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Rocker
29th May 2004, 08:54 PM
I was not happy with the results I obtained from the box-joint jig that I described in my previous post, which was made from a design sold by Shopnotes. That jig had two problems; its precision depended on the snugness of the fit of my mitre gauge's bar in the table saw's slot; another source of inaccuracy was the fact that the unsupported L-shaped bracket that formed half of the adjustable index pin was prone to flexing, thus introducing further inaccuracy. As a result, I decided to design a jig which would eliminate these sources of imprecision. My jig is based on a miniature crosscut sled, and it features a solid, but interchangeable, index pin, instead of an adjustable one.

The adjustment system incorporates a dial gauge, so that the fine-tuning of the jig's adjustment is quick and easy; it is possible to achieve perfect adjustment of the jig in a couple of minutes.

I have written an article on the jig, which I hope to get published, so I am not giving full details of the jig here, but I will be happy to send any interested member a copy of the article, if they PM me giving their e-mail address.

Rocker

derekcohen
30th May 2004, 04:29 PM
My jig is based on a miniature crosscut sled, and it features a solid, but interchangeable, index pin, instead of an adjustable one.

Rocker

Now that is a much better idea than the original adjustable jig! Excellent lateral thinking! Good luck with the effort to get it published. I'm sure you won't have any difficulty in that department.

The pic looks like it is set up for a tablesaw blade (rather than a dado blade). This would be a much less efficient way to go, if so. Having used a dado blade to form fingers before, my feeling is that the best blade to use for finger cutting is, in fact, a router bit. Admittedly, however, my dado blade set up is the cheap Chinese version (purchased from the USA through eBay) and I needed to clean up the ends (with a chisel) ever so slightly. I have no doubt that your set up could be very easily transfered to a router table.

Regards from Perth

Derek

p.s. here is a rocking crib I built a year ago for a friends baby using a 1/2" fixed finger jig on the tablesaw. I attempted to upload it on Friday (to the other finger joint thread but it would not work. This is more of a "test" than anything.

Rocker
30th May 2004, 05:36 PM
Derek,
Actually, the index pin fitted to the jig in the picture I posted is made of two pieces of 1/8" brass bar epoxied together, which give a total thickness of 2.54 mm. This precisely matches the width of the dado cut by the two dado blades plus a thin plastic shim from my set, without any chippers. I am making another index pin board, using two pieces of 6 mm aluminium bar stock epoxied together, giving a total width of 12.15 mm. Again, I can match this width precisely by adding chippers and shims to the dado blades. Probably two alternative pin sizes are all that are needed, so making the index pin width infinitely variable, as in the Shopnotes jig, is a waste of time.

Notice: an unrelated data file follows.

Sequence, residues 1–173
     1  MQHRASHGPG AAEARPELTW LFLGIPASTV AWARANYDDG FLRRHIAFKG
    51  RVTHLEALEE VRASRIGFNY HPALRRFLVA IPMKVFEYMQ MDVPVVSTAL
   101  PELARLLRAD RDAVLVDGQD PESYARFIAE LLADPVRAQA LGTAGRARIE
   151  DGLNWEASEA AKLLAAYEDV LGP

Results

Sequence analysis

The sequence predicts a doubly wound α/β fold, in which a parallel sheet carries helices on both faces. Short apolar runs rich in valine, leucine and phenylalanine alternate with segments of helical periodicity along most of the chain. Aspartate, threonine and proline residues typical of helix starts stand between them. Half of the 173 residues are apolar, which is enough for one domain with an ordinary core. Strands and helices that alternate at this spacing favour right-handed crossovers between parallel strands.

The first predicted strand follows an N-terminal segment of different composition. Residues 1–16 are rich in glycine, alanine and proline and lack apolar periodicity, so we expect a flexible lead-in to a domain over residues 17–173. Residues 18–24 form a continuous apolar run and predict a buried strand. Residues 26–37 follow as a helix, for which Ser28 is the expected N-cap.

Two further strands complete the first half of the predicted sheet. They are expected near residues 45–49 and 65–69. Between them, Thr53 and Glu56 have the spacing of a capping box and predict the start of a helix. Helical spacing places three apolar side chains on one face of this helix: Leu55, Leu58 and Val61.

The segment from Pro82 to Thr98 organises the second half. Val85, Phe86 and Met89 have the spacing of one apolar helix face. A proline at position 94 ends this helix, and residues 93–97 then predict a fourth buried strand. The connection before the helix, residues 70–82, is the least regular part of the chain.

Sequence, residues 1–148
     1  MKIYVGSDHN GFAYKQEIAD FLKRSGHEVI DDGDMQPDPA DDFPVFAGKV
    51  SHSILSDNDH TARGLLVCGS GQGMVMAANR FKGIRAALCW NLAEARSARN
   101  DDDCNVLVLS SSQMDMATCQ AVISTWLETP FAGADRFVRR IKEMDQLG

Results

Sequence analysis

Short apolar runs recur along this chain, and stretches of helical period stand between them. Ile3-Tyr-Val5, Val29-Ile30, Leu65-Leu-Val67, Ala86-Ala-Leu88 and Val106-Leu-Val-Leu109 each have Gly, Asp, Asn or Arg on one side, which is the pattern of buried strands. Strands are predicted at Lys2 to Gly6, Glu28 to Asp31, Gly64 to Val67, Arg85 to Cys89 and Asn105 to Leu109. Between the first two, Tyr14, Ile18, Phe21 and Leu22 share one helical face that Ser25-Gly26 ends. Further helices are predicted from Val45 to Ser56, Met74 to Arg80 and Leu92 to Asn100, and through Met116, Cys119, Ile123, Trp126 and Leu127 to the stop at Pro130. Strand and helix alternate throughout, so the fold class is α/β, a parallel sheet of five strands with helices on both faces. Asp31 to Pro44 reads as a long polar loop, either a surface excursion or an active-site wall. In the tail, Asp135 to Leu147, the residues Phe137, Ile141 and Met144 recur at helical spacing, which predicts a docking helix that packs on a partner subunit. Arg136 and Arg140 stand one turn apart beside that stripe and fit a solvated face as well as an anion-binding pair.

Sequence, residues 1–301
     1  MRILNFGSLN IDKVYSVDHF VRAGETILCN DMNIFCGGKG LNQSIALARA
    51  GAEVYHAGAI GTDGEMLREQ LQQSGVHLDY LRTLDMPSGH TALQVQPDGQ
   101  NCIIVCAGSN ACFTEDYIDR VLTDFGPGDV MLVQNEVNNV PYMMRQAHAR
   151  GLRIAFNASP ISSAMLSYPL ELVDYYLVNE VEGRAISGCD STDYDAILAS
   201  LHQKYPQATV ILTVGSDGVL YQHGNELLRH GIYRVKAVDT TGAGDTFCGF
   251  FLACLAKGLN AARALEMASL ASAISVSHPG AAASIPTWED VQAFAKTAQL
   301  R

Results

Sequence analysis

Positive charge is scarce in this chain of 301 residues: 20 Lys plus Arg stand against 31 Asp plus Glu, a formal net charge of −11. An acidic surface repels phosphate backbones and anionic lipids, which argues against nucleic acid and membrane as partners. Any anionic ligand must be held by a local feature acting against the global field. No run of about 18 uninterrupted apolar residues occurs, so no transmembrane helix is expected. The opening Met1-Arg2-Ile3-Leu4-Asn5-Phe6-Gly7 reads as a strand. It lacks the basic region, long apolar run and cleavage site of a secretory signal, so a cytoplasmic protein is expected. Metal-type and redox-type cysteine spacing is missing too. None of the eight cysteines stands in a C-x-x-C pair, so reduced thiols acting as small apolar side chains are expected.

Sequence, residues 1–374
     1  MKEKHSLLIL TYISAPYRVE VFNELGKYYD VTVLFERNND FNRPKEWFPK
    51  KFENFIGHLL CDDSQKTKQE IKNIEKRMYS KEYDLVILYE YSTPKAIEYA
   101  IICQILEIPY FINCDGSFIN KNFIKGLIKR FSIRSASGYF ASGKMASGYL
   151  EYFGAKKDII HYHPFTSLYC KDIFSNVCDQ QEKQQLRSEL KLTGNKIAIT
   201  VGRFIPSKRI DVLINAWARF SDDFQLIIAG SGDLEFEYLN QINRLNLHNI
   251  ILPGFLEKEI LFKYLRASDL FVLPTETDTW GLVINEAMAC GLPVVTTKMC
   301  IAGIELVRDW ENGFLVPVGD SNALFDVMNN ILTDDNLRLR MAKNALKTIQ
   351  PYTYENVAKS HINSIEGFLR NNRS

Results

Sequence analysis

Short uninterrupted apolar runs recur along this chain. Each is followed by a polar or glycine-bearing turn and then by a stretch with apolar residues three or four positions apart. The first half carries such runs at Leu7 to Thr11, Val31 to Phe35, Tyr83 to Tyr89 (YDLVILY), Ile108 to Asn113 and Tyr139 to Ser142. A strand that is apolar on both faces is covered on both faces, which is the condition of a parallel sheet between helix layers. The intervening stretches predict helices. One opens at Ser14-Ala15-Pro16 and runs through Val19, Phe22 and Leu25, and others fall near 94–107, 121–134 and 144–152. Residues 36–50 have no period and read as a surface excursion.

If the jig were adapted for use on a router table, it would have to have just a single runner, rather than the twin runners on my jig, so it might lose some precision due to the extra sloppiness that a single runner would entail. However, one could probably minimise the sloppiness factor by making the single runner for the router-table slot out of polythene, cut from a kitchen cutting board and embedded in a dado in the jig base.

However, I am very happy with the performance of my jig designed for the table saw. The trial joints that I cut with it fitted perfectly without the need for any paring; and achieving the optimal adjustment of the jig is quick and easy.

Rocker

Rocker
10th Jun 2004, 09:31 AM
Rod in Ontario,
Please read your Private Messages; I can't send you details of the jig until I know your e-mail address.

Rocker

bitingmidge
10th Jun 2004, 10:48 AM
Rocker,

Where do you source you knurled knobs, tee handles and dial gauges?

I assume you only have one gauge and swap it between jigs....or do you?

Cheers,

P

Rocker
10th Jun 2004, 01:59 PM
Bitingmidge,

The knurled brass knob was very generously given to me by Rodm, who I think liked my morticing jig. However, a wingnut and locking nut work just as well, but don't look as neat. I got the dial gauge from an Engineer's supplies shop in Caboolture, but there are probably similar places on the Sunshine coast (look in the Yellow pages under that heading). Tee-nuts and knobs with bolt extensions can be found at Bunnings.

Rocker

Rocker
10th Jun 2004, 04:51 PM